WO2013159793A1 (en) * 2012-04-26 2013-10-31 Dornier Medtech Laser Gmbh A method for generating shaped laser pulses in a lithotripter and a lithotripter
WO2014074557A1 (en) * 2012-11-08 2014-05-15 Ams Research Corporation Dual wavelength laser lithotripsy
US8915948B2 (en) 2002-06-19 2014-12-23 Palomar Medical Technologies, Llc Method and apparatus for photothermal treatment of tissue at depth
US9028536B2 (en) 2006-08-02 2015-05-12 Cynosure, Inc. Picosecond laser apparatus and methods for its operation and use
US9620928B2 (en) 2010-07-16 2017-04-11 Massachusetts Institute Of Technology Continuous wave or ultrafast lasers
US9757199B2 (en) 2012-04-12 2017-09-12 Boston Scientific Scimed, Inc. Surgical laser systems and laser lithotripsy techniques
US9780518B2 (en) 2012-04-18 2017-10-03 Cynosure, Inc. Picosecond laser apparatus and methods for treating target tissues with same

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US5944687A (en) * 1996-04-24 1999-08-31 The Regents Of The University Of California Opto-acoustic transducer for medical applications

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Cited By (41)

* Cited by examiner, † Cited by third party
Publication number Priority date Publication date Assignee Title
US5312396A (en) * 1990-09-06 1994-05-17 Massachusetts Institute Of Technology Pulsed laser system for the surgical removal of tissue
US5496306A (en) * 1990-09-21 1996-03-05 Light Age, Inc. Pulse stretched solid-state laser lithotripter
US5242454A (en) * 1992-06-12 1993-09-07 Omega Universal Technologies, Ltd. Method for diagnosis and shock wave lithotripsy of stones in the submaxillary and parotid glands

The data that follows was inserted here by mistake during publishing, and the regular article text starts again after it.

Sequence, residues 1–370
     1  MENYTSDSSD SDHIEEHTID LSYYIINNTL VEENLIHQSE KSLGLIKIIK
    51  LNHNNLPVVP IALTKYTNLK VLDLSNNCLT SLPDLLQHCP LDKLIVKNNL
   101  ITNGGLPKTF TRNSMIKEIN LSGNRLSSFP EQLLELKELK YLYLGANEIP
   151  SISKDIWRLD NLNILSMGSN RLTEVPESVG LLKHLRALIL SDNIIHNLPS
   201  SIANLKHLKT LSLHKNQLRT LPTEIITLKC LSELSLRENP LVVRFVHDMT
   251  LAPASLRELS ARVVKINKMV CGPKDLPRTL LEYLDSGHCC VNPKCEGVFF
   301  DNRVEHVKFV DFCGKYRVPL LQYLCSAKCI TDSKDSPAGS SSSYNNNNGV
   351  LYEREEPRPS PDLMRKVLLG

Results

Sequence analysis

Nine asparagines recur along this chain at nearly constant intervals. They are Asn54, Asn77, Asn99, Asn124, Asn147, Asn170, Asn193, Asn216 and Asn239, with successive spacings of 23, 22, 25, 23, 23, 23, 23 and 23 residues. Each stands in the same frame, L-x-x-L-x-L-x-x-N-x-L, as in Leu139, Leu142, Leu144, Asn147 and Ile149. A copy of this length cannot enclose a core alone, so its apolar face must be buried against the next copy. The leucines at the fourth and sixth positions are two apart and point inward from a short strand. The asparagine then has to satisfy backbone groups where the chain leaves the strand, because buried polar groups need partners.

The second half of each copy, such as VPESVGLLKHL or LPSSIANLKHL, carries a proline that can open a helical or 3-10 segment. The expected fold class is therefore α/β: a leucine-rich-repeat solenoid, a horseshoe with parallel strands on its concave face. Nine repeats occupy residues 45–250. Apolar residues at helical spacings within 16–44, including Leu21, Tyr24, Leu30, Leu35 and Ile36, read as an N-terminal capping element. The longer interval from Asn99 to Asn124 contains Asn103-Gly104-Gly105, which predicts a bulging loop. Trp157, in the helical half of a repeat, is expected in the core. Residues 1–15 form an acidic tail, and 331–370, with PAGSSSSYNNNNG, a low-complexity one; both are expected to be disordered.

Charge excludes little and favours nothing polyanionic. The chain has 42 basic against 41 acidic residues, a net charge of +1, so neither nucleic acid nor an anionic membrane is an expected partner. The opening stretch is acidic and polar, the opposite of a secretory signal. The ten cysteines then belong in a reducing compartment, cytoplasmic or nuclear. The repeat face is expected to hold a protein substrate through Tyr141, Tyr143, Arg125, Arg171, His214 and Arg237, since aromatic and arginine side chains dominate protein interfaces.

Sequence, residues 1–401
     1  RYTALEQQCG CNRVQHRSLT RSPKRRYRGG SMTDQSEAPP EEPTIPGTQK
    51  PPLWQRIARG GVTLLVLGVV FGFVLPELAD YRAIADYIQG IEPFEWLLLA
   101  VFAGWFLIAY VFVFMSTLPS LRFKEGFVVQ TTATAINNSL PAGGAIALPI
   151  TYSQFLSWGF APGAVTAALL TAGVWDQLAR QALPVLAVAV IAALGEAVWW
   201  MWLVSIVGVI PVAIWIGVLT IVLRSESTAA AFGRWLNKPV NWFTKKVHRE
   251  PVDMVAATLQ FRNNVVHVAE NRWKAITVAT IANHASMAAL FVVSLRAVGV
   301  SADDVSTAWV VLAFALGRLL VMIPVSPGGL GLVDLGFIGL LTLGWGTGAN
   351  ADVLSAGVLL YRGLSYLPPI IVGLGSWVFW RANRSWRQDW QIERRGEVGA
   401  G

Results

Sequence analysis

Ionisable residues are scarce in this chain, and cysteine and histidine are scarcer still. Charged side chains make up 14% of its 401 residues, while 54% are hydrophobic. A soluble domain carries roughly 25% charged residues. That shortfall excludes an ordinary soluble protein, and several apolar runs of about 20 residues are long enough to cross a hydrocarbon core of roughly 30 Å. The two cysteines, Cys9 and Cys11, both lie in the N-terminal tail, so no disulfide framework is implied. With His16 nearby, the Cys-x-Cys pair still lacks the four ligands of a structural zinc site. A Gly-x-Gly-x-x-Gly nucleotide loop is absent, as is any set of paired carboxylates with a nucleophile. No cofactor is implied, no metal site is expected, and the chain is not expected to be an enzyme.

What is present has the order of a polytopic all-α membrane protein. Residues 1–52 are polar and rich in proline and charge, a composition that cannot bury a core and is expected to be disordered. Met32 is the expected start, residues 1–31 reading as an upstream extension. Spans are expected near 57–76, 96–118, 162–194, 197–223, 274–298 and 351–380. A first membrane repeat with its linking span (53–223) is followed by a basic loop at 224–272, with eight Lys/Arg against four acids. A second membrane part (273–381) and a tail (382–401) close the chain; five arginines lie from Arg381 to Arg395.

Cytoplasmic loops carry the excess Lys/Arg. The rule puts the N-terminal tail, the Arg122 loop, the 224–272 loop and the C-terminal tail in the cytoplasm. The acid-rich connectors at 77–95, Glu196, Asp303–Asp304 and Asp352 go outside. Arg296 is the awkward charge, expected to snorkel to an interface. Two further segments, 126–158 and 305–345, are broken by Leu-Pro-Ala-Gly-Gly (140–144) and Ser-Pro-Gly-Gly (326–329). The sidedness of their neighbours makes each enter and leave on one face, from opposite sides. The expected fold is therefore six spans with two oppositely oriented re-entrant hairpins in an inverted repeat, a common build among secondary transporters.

US5507739A (en) * 1992-06-15 1996-04-16 American Dental Technologies, Inc. Dental laser
US5586132A (en) * 1994-07-27 1996-12-17 Laser Industries Ltd. Method and apparatus for generating bright light sources
US6391022B1 (en) 1994-10-26 2002-05-21 Cynosure, Inc. Ultra long pulsed dye laser device for treatment of ectatic vessels and method therefor
US6579284B2 (en) 1994-10-26 2003-06-17 Cynosure, Inc. Ultra long pulsed dye laser device for treatment of ectatic vessels and method therefor
US5746735A (en) * 1994-10-26 1998-05-05 Cynosure, Inc. Ultra long pulsed dye laser device for treatment of ectatic vessels and method therefor
US5749868A (en) * 1994-12-09 1998-05-12 Cynosure, Inc. Near infra-red selective photothermolysis for ectatic vessels and method therefor
US20030144713A1 (en) * 1996-04-09 2003-07-31 Cynosure, Inc. Ultra-long flashlamp-excited pulse dye laser for therapy and method therefor
US6440123B1 (en) * 1997-04-15 2002-08-27 Konrad Engel Metal probe for use in intracorporeal lithotripsy
US7104983B2 (en) 1999-02-19 2006-09-12 Boston Scientific Scimed, Inc. Laser lithotripsy device with suction
US6375651B2 (en) 1999-02-19 2002-04-23 Scimed Life Systems, Inc. Laser lithotripsy device with suction
US20040243123A1 (en) * 1999-02-19 2004-12-02 Scimed Life Systems, Inc. Laser lithotripsy device with suction
US6726681B2 (en) 1999-02-19 2004-04-27 Scimed Life Systems, Inc. Laser lithotripsy device with suction
WO2002027872A1 (en) * 2000-09-27 2002-04-04 Commissariat A L'energie Atomique High-peak-power laser device and application to the generation of light in the extreme ultraviolet